What is CBC?

A complete blood count (CBC) test is a group of tests that provides information about blood cells like Red Blood Cells (RBC), White Blood Cells (WBC) and platelets. It is routinely performed to provide an overview of a patient’s general health status.

Why is CBC done?

  • To monitor your overall health as part of a routine check-up
  • To help detect a variety of disorders including infections, anemia, diseases of the immune system, and blood cancers
  • To monitor an existing blood disorder
  • To monitor treatment that is known to affect blood cells such as chemotherapy or radiotherapy


What does CBC Measure?

Blood is composed of blood cells suspended in blood plasma (yellowish-colored liquid). The blood cells include red blood cells (also called RBCs or erythrocytes), white blood cells (also called WBCs or leukocytes), and platelets (also called thrombocytes).

Red blood cells (RBCs) are the most abundant blood cells. RBCs contain hemoglobin which helps in the transportation of oxygen to the tissues. RBC count is the measurement of the number of RBCs in a given volume of blood.

Packed Cell Volume (PCV) or Hematocrit (Hct) is the measurement of the blood volume occupied by RBCs. It is expressed in percentage.

White blood cells (WBCs) are key components of the immune system and thus protect the body from various infections and cancers. Total Leucocyte count (TLC) is the measurement of the total number of leukocytes (WBCs) in a given volume of blood.

There are five types of WBCs:

  1. Neutrophils
  2. Basophils
  3. Eosinophils
  4. Lymphocytes
  5. Monocytes

Differential Leucocyte Count (DLC) determines the percentage of different types of WBCs.

Neutrophils, Basophils, and Eosinophils are called Granulocytes because of the presence of granules inside these cells.

Absolute count of different types of WBCs is the measurement of their absolute numbers in the given volume of blood.

Platelet count – Platelets (also called thrombocytes) are disc-shaped cell fragments without a nucleus that help in blood clotting. Platelet count is the measurement of the number of platelets in a given volume of blood.

Mean Platelet Volume (MPV) is a measurement of the average size of platelets.

PDW or platelet distribution width refers to the variation of platelet size distribution

Hemoglobin (Hb) –  Hemoglobin (Hb) is a protein found in red blood cells (RBCs) that carries oxygen from the lungs to the body tissues, exchanges the oxygen for carbon dioxide, and then carries the carbon dioxide back to the lungs where it is exchanged for oxygen.

Mean Corpuscular Volume (MCV) is the average volume of a red blood cell.

Mean Corpuscular Hemoglobin (MCH) is the average amount of hemoglobin in the average red blood cell.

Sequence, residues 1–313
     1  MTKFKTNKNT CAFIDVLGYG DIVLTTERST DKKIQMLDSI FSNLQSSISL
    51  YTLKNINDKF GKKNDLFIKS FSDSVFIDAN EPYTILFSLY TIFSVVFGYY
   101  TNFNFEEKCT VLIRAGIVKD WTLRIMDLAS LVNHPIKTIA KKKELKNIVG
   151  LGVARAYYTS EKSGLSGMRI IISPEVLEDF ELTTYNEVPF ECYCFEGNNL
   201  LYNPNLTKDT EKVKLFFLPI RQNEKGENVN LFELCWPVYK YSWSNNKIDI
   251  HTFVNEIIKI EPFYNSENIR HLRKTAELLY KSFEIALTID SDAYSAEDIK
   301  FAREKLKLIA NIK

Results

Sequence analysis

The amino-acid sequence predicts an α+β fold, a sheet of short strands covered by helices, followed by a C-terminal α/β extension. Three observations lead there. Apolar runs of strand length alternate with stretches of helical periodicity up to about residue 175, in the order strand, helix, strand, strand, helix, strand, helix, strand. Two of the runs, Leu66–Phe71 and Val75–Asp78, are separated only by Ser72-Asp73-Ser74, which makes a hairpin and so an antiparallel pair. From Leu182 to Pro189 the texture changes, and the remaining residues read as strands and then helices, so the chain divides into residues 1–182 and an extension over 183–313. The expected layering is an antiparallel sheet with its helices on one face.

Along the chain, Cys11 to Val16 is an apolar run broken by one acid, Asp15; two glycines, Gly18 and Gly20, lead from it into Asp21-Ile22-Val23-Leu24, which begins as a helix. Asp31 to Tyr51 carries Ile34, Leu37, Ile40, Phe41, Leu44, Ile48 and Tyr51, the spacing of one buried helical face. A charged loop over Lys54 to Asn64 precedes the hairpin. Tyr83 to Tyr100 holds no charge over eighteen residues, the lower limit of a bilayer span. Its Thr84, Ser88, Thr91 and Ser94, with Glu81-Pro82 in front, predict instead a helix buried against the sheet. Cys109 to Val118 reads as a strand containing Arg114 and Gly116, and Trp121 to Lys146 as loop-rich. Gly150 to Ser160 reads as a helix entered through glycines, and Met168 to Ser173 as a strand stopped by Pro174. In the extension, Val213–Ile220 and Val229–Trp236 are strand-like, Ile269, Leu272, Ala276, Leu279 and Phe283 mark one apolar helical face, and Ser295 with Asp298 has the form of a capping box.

Mean Corpuscular Hemoglobin Concentration (MCHC) is the average concentration of hemoglobin in a given volume of red cells.

Red Cell Distribution Width Coefficient of variation (RDW CV)is a measurement of the variability of the red blood distribution curve and their mean size.

Interpreting CBC results



  • Males: 13.2 – 16.2 gm/dL
  • Females: 12.0 – 15.2 gm/dL

Red Blood Cell Count (RBC)

  • Males: 4.3  – 6.2  million/μL
  • Females: 3.8- 5.5 million/μL
  • Infant/Child: 3.8- 5.5 million/μL

White Blood Cell Count (WBC)

  • Differential Leucocyte Count

– Neutrophils – 35-80%

– Lymphocytes – 20-50%

– Monocytes – 2-12%

– Eosinophils – 0-7%

– Basophils – 0-2%

Platelet count (Plt) – 1.5 – 4.5 lacs/μL

Hematocrit (Hct)

  • Males: 40-52%
  • Females: 37-46%
  • Child: 31-43%

Red Cell Distribution Width (RDW) – 35-47 fL

Mean Corpuscular Volume (MCV)

  • Males: 82-102 fL
  • Females: 78-101 fL

Mean Corpuscular Hemoglobin (MCH) – 27-34 pg

Mean Corpuscular Hemoglobin Concentration (MCHC) – 31-35 gm/dL

Mean Platelet Volume (MPV) – 6.0-9.5 fL

Meaning of Abnormal CBC Test Results

  • Hemoglobin

Decreased levels – Anemia

Increased levels – Polycythemia

  • WBC

Decreased levels – Aplastic anemia, Bone marrow disorders, Autoimmune conditions
Increased levels – Infections, Inflammatory disorders, Leukemia, Myeloproliferative disorders

  • Neutrophil count

Decreased levels (Neutropenia) – Aplastic anemia, Autoimmune disorders, Drug reactions or Chemotherapy
Increased levels  (Neutrophilia) – Acute bacterial infections, Inflammation, Burns

  • Lymphocyte count

Decreased levels (Lymphopenia) – Bone marrow damage, Aplastic anemia, Autoimmune disorders
Increased levels (Lymphocytosis) – Acute viral infections, Tuberculosis, Lymphocytic leukemia

  • Monocyte count

Decreased levels – Bone marrow damage
Increased levels (Monocytosis) – Chronic infections like tuberculosis, Bacterial endocarditis, Collagen vascular disorders, Inflammatory bowel diseases

  • Eosinophil count

Decreased levels – Rare and medically insignificant
Increased levels (Eosinophilia) – Asthma, Allergies, Drug reactions, Parasitic infections

  • Basophil count

Decreased levels – Medically insignificant
Increased levels (Basophilia) – Chronic myeloid leukemia (CML)

  • Platelet count

Decreased levels (Thrombocytopenia) – Viral infections like dengue fever, bleeding or platelet disorders
Increased levels (Thrombocytosis) -Blood Loss, Chronic Infection or Inflammatory Disease, Removal of the spleen

Tests Included (22 tests)

  • RDW CV
  • RDW SD
  • Mean Corpuscular Hemoglobin
  • Mean Corpuscular Volume
  • Mean Corpuscular Hemoglobin Concentration
  • PDW
  • Absolute Leucocyte Count(includes 5 tests)
  • Hemoglobin
  • Differential leucocyte Count(includes 5 tests)
  • Platelet Count
  • Total Leucocyte Count
  • Packed Cell Volume
  • Mean Platelet Volume
  • Red Blood Cell Count